What is parental responsibility?
What is parental responsibility?
Parental responsibility is the legal responsibilities, duties, powers and authority a carer of a child has for that child.
A person with parental responsibility has the authority to make day to day and key decisions in a child’s life. This can include decisions around:
- Health care
- Name of a child
A person with parental responsibility is responsible for making decisions which are in the best interests of the child.
Who has parental responsibility?
Mothers automatically obtain parental responsibility.
Fathers will obtain parental responsibility automatically if they are married to the mother at the time of birth or afterwards.
Why is parental responsibility important?
A person with parental responsibility can make decisions which will affect a child’s welfare, upbringing and education. Key decisions, such as schooling, medical care and religion are to be determined by agreement of everyone with parental responsibility for the child.
If only a mother has parental responsibility, she can decide on the child’s name, which school they attend, what medical treatment they have, where the child lives etc. She can do this without discussing it with anyone else. If anyone else has parental responsibility for the child then these decisions are to be made together.
If those with parental responsibility cannot agree, there are legal avenues which can be explored in order to reach those decisions.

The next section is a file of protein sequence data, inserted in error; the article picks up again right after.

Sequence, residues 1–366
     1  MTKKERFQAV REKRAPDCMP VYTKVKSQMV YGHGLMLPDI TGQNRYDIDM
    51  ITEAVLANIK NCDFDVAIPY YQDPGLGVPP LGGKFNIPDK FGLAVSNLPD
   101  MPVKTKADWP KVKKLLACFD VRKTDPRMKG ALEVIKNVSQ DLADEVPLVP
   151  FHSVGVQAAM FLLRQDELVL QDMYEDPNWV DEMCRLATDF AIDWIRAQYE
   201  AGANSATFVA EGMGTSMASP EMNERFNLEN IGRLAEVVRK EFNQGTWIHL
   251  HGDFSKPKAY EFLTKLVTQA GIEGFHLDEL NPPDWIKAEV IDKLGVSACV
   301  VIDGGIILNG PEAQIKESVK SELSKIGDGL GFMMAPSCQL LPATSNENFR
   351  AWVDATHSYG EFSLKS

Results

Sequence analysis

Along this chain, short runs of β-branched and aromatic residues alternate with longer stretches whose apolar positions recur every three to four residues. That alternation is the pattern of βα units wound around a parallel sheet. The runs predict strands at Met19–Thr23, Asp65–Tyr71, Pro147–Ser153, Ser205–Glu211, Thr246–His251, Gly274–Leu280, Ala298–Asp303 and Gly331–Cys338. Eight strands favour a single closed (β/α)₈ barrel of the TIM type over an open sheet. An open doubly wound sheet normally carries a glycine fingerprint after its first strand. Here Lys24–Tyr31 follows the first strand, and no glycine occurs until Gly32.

For professionals, if you have carers who share parental responsibility any decisions should be made jointly by those carers. (NB see Special Guardian’s below). Be aware of who has parental responsibility.
How can you get parental responsibility?
There are a number of ways a person can obtain parental responsibility.
- Being named on a child’s birth certificate: If a child was born after 1 December 2003 and a person is named as the father or civil partner on the child’s birth certificate, they will obtain parental responsibility. If a child was born before that date and the father was not married to the mother, he will not automatically obtain parental responsibility unless he was married to mother at the time or afterwards.
- Re-register the child’s birth: This is an option in limited circumstances.
Parental Responsibility agreement: This is a formal agreement, not just a conversational or informal agreement. A PR agreement can be written using the appropriate court form and doesn’t need a solicitor. It does have to be registered. Parents should keep hold of a copy to make sure everyone who needs it can have a copy to show a father has parental responsibility.
Parental Responsibility Order: This is a court order. A father would need to make an application to the court to get such an order. Once made, it will give a father parental responsibility.
Child Arrangements Order: This is another court order. These orders have replaced residence and contact orders. Only a child arrangements order stating where a child is to live will give parental responsibility. It will only give parental responsibility to the person the court says the child should live with. A child arrangements order may be made to a parent, grandparent or other relative or carer, depending upon the circumstances.